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No Surprises

Feb. 03, 2014
Feb. 03, 2014

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Feb. 3, 2014

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No Surprises

THE U.S. WAS A DARK HORSE WHEN IT WON A SILVER MEDAL IN VANCOUVER, BUT THIS TIME AROUND THE WORLD IS EXPECTING THE AMERICANS TO CHALLENGE FOR GOLD

YOUNG AND INEXPERIENCED, Team USA saw itself as an underdog four years ago in Vancouver. The Americans nevertheless came within a goal of winning their first gold medal since 1980. Now, the underdog label no longer applies. In Sochi the U.S. will have 13 players from that silver-medal-winning team, including nine forwards and goalie Ryan Miller, the 2010 Olympic MVP.

This is an article from the Feb. 3, 2014 issue

With skill and depth at every position the U.S. roster, on paper, is among the world's best. "The quantity and especially the quality of U.S. hockey players is growing at a fantastic rate," GM David Poile said after naming the team on Jan. 1.

The depth is most evident in the caliber of players Team USA did not select: 2010 Olympians Bobby Ryan, Erik Johnson, Jack Johnson and Tim Thomas will not be in Sochi—the same goes for Keith Yandle and Dustin Byfuglien, the U.S.'s highest-scoring defensemen since '10. Poile has stressed the importance of skating and versatility, not just scoring, to the roster. "We've medaled in North America, both in Salt Lake City [in '02] and in Vancouver [in '10], but we have not medaled in Europe," he said. "That's why we [needed] to make some changes."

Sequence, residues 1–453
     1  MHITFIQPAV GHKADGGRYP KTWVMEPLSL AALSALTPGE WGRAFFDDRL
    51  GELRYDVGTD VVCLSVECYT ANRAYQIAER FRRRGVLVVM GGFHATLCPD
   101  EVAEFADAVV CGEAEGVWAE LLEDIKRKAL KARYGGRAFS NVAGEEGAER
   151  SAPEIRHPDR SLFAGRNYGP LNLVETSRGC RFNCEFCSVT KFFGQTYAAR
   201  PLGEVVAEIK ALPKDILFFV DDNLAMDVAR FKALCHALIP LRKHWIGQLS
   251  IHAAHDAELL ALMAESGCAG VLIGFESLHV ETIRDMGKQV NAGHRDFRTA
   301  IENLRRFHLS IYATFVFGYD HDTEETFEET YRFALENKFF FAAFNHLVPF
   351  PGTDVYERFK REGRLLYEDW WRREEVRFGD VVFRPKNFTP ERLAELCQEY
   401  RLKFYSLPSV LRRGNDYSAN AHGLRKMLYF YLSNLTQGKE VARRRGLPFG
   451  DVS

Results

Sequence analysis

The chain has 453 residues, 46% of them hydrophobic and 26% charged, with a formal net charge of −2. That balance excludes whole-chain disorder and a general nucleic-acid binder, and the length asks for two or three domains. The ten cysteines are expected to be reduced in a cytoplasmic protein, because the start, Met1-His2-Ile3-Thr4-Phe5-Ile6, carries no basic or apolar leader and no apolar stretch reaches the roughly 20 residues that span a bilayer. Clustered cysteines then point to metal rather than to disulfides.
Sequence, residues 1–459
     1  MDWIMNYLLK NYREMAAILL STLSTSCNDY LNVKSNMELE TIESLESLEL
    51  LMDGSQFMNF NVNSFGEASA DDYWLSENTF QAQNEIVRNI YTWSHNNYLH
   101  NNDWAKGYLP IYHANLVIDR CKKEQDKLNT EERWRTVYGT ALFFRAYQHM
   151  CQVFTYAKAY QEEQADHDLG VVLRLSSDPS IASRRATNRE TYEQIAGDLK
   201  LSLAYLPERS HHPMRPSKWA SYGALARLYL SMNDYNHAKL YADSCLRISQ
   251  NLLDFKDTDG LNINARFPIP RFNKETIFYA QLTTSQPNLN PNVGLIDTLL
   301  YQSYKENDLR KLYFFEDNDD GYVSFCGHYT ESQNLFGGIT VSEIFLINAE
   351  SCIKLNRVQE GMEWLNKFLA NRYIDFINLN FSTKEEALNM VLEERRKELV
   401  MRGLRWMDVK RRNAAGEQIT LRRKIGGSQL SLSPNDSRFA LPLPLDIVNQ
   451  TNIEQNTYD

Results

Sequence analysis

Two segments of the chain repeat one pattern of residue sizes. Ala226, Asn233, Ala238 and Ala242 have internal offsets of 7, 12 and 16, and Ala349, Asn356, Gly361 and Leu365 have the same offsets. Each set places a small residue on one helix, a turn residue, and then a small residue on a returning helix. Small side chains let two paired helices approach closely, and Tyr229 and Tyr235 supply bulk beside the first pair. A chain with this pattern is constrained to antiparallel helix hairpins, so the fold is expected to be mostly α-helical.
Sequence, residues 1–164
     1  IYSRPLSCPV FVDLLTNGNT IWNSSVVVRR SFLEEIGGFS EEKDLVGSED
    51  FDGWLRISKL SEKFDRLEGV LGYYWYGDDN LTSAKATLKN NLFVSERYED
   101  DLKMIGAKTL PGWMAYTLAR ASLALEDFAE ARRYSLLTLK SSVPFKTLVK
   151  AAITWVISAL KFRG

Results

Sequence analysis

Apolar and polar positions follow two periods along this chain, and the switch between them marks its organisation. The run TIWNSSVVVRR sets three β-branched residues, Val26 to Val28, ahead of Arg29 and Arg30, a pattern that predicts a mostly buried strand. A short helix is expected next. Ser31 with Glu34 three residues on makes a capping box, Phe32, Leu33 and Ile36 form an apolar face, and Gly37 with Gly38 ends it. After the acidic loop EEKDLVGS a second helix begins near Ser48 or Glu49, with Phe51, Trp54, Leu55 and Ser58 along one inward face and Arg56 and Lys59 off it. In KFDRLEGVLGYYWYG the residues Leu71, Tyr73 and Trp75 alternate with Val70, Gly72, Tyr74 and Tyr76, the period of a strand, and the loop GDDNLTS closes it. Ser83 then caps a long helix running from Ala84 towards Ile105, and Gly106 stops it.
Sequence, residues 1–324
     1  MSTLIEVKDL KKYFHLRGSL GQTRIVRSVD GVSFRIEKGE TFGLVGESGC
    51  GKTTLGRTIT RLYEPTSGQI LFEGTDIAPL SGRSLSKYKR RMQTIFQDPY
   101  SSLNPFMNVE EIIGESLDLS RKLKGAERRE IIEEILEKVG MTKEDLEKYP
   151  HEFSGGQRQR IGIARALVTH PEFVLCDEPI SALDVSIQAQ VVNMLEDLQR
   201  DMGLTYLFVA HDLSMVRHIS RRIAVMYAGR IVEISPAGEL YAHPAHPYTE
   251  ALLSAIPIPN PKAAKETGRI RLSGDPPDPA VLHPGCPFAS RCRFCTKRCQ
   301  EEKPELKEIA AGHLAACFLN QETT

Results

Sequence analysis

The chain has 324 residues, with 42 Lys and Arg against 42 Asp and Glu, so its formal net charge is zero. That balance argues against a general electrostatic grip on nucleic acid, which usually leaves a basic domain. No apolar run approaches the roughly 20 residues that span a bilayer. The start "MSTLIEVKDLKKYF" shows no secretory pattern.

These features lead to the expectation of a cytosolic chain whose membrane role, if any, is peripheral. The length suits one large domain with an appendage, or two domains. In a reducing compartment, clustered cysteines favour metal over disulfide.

On Europe's bigger ice, quickness becomes more important. The U.S. will lean on such swift skaters as wingers Phil Kessel of the Maple Leafs and Patrick Kane (above, 88) of the Blackhawks. The roster is rounded out by such versatile players as Blues winger T.J. Oshie, who will be making his Olympic debut. He can be plugged in on the top line or on the penalty kill; his shootout skills are a bonus.

Oshie also plays on one of the NHL's hottest lines alongside David Backes, one of Team USA's five centers. In a short tournament, established chemistry is a prime asset. Penguins defenseman Brooks Orpik will have regular partner Paul Martin, and Kessel will skate on a line with James van Riemsdyk, just as he does in Toronto.

The U.S. has put together a tough and mobile group. But the lack of a No. 1 center (Joe Pavelski, who skates on the Sharks' second line, comes closest) could stunt its offensive potential. Wild defenseman Ryan Suter will serve as both the backbone of the blue line and the team's primary puck distributor. But expect the last line of defense—whether it's Miller or 2012 Conn Smythe winner Jonathan Quick in goal—to give the U.S. its best chance to live up to its new billing: gold medal contender.